submitted by Fred Schueler & Aleta Karstad

Mudpuppies, Necturus maculosus, are giant permanently aquatic Salamanders, which are widespread, but hard to observe, all across Canada, from St Lawrence tributaries east of Quebec City, to the Arctic Watershed in the Ontario Clay Belt, to the Assiniboine River across Manitoba.  Unlike other Amphibians, they are most active in the winter, so they are most often seen as by-catch of ice fishing, and are studied by midwinter minnow-trapping. 

The one place, in all of Canada, where they are routinely observed in the winter is below the dam in Oxford Mills, where a big population moves upstream onto flat limestone bedrock. In the 1990s, we found that our excitement about the abundance of Mudpuppies in Kemptville Creek was not shared by research funders or regulators, because the species had no sporting, commercial, or at-risk status. In 1999 we began Mudpuppy Nights in Oxford Mills, to publicize the wintry spectacle of Mudpuppy activity, every Friday evening from after Thanksgiving until the creek’s freshet in March. The primary data gathered are counts of how many Mudpuppies are seen between the dam and the bridge, along with counts of other creatures, and records of the ice and water conditions.

The major influence on the number seen is the flow in the creek, since the Mudpuppies can’t walk upstream against a strong current. This year, after a drought-like summer, we had below average flows, lots of Mudpuppies, and few visitors until the beginning of January. Then a massive thaw sent seven times the average flow past the dam, and above average flows, reduced or zero counts, and many groups of visitors continued into March (except for a mid-February decline to average flows, when moderate numbers of ‘puppies were observed). Matt Keevil and Amanda Bennett have done most of the wading and counting, with us elders often staying ashore to regale visitors with Mudpuppy lore.  Visitors are invariably thrilled by their first opportunity to relate to these relics of the Age of Dinosaurs.

This year’s Mudpuppy viewing season started up on October 12, 2022 with a Muskrat climbing into the spillway of the dam, a couple of invasive hybrid Crayfish, a scattering of Whirligig Beetles, and a single Black Bass. Through October, the flow in the creek remained very low, and we observed the noses of Mudpuppies poking out from under ledges, Bull Frog tadpoles, Giant Water Bugs, a Water-Scorpion, a couple of juvenile Northern Pike, and Leopard, Green, & Bull Frogs. These conditions continued through December, with the count of ‘puppies peaking at 41 on December 16, one of them seen eating a small frog. The Bull Frog tadpoles had dropped out, perhaps having been eaten by the Mudpuppies. We had visitors from Mississauga, Grégory Bulté brought a class group from Carleton,  Steve Marks brought a party from Orillia, and Audrey Turcotte’s herpetology class came from La Cité Collégial in Ottawa.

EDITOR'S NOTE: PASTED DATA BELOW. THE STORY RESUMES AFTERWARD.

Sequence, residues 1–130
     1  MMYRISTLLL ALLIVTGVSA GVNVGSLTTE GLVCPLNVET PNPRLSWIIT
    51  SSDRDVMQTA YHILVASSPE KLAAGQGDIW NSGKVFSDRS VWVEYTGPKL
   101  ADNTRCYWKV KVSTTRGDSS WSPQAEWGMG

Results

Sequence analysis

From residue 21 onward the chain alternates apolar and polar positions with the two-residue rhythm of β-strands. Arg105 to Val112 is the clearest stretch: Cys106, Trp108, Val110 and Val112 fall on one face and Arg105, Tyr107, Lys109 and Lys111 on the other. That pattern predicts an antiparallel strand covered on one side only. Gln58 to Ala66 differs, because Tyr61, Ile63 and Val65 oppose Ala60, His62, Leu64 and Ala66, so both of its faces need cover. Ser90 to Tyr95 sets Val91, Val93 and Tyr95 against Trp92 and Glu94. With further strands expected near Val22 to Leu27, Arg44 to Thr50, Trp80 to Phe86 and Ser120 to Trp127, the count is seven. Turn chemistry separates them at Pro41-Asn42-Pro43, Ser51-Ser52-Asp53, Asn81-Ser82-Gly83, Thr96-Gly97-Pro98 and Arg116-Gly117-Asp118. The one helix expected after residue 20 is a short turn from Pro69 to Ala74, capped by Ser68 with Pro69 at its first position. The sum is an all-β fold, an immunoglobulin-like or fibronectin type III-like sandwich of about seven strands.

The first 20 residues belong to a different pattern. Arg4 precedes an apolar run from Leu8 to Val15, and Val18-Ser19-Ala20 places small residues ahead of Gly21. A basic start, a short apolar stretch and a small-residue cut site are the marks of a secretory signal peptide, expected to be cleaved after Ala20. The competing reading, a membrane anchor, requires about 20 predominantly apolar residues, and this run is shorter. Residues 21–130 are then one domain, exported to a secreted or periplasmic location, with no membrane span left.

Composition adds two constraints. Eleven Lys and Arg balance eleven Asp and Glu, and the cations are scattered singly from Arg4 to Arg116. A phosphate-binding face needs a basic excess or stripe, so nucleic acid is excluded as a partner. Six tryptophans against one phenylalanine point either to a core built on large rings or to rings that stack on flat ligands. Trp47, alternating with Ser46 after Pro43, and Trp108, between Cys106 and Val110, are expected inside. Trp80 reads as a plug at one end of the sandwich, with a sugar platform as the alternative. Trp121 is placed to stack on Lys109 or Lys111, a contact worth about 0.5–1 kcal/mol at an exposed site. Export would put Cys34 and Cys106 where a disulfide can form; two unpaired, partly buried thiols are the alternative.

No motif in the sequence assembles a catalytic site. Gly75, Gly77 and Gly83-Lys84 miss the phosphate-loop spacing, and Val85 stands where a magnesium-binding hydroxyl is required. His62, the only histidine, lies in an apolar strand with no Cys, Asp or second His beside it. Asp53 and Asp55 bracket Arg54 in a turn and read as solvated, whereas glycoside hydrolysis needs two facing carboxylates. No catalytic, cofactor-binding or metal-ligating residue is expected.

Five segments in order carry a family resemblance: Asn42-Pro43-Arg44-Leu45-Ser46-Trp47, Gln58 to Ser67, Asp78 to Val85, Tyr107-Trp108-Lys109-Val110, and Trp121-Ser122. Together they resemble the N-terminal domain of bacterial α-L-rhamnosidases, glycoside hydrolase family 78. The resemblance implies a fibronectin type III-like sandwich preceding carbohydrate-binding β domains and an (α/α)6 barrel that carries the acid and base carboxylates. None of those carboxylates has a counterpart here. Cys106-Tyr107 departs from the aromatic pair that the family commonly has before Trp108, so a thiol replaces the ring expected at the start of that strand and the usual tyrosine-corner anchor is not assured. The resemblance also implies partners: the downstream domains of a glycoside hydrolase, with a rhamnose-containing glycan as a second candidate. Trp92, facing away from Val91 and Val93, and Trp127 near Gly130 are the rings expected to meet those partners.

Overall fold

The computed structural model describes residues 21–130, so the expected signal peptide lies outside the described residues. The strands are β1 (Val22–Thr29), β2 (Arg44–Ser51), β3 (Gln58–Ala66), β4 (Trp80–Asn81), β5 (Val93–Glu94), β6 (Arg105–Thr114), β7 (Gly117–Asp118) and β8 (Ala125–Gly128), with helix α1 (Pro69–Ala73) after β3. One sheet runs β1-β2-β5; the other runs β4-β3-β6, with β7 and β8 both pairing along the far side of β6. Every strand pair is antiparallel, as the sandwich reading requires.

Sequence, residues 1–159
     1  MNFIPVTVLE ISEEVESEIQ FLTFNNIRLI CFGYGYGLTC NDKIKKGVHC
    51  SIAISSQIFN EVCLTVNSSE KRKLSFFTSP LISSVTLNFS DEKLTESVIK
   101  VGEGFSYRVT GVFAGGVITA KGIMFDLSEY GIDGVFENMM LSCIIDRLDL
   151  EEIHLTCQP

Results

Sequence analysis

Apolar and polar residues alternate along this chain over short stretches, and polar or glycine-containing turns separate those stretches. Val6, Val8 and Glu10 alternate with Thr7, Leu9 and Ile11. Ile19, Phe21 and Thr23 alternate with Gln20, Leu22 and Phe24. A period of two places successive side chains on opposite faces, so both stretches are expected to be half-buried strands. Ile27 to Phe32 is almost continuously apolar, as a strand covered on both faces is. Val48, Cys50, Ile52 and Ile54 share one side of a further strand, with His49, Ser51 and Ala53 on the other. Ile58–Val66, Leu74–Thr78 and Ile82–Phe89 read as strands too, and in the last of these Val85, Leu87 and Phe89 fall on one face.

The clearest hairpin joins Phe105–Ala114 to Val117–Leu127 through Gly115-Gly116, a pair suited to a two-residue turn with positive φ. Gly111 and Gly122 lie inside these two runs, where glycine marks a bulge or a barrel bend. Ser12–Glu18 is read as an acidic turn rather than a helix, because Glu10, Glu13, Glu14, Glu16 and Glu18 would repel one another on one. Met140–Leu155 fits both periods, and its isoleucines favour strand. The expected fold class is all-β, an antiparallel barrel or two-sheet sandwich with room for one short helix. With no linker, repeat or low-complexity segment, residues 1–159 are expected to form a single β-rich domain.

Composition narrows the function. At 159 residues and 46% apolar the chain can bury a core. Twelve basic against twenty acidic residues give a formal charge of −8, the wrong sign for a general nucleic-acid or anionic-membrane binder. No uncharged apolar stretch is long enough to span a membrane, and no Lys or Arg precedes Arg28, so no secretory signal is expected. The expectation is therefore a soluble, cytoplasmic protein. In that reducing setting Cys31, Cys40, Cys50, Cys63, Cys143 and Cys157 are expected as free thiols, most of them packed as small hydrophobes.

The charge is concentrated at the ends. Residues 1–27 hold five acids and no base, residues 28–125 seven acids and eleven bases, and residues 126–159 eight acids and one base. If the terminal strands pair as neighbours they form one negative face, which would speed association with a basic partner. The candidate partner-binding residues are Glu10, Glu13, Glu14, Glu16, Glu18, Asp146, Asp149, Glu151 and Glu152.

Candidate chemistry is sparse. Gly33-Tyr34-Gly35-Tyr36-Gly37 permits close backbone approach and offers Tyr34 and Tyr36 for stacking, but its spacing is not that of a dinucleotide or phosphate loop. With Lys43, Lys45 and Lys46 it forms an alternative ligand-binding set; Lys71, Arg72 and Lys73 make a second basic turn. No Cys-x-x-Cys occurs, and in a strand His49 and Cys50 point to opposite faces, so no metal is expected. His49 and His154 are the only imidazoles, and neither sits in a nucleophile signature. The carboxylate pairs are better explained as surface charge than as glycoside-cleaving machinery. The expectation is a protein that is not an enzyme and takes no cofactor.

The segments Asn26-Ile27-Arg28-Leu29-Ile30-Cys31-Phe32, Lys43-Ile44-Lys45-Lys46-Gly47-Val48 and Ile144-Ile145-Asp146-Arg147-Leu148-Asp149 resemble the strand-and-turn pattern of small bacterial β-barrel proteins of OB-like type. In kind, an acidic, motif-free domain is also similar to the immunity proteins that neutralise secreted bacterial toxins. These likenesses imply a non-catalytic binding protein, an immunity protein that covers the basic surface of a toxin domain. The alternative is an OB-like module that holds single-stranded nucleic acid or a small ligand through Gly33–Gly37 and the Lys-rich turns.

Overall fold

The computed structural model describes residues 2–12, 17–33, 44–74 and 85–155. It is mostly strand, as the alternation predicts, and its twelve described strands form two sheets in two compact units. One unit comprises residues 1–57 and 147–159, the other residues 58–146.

On December 30, melting snow cover, light rain, and 7°C air temperature raised the creek’s flow to above average on the RVCA’s excellent online graph. The thaw peaked on January 6, washing up under the lit-up Christmas tree on the west shore below the dam, rushing along at 33 cubic metres/second, when the average flow for the date is 4.6 cubic metres/second. On January 13, the spillways were widely open, but with ice and snow drifts along their sides, and waves filled with lumps of ice washing up against the wall on the east side.

Creek flow subsided in later January and the beginning of February, with modest numbers of Mudpuppies, a few frogs and Crayfish, a couple of juvenile Pike, and Otter tracks in the snow. On February 3, we had the one cold snap of the winter, at -26°C, and lots of  frazil ice and loose pans in the eddies, but 11 Mudpuppies were seen, and on 6 February, there were 15 Mudpuppies, including one that was 32.5 cm long, the largest we have measured at Oxford Mills. Visitors included a crew from South Nation Conservation, another from Blazingstar Environmental, Prince Edward County Field Naturalists, and a party from Peterborough.

There was more high water later in February, but on March 3 the flow was down to 113% of normal,  and we astonished students from Carleton and Queens universities with three Mudpuppies and two big Crayfish. With March coming in like a lion, flows were only half of normal on the 15th, and we were able to catch and retain two ‘puppies to be viewed by a group of “elderly ladies” from Ottawa and Gatineau, visiting the Brigadoon Restaurant for lunch. Cold weather continues to be forecast, so we don’t know how much longer mudpuppying will continue.

With the irregular weather we’ve been having in recent years, it seemed that after 2012, with the arrival of abundant invasive Crayfish, we saw fewer Mudpuppies, but it will take a careful statistical analysis to be sure. In recent years, with many fewer Crayfish, there seems to have been an increase, and especially an increase in the percentage of small individuals. A friend did a regression of the Mudpuppy counts on flow for a course at McGill, and found that the decrease was significant, but this was before we saw the subsequent apparent increase.

We hope that this year’s increase of students visiting will inspire new research into the ecology of Mudpuppies and the creek. In the summer we’ll be doing “craypuppy” wades, which will introduce participants to the Mudpuppies, Crayfish and other creatures and plants of the creek. If any group or family wants to arrange one of these, just let us know (Fred [email protected] or Aleta [email protected]).



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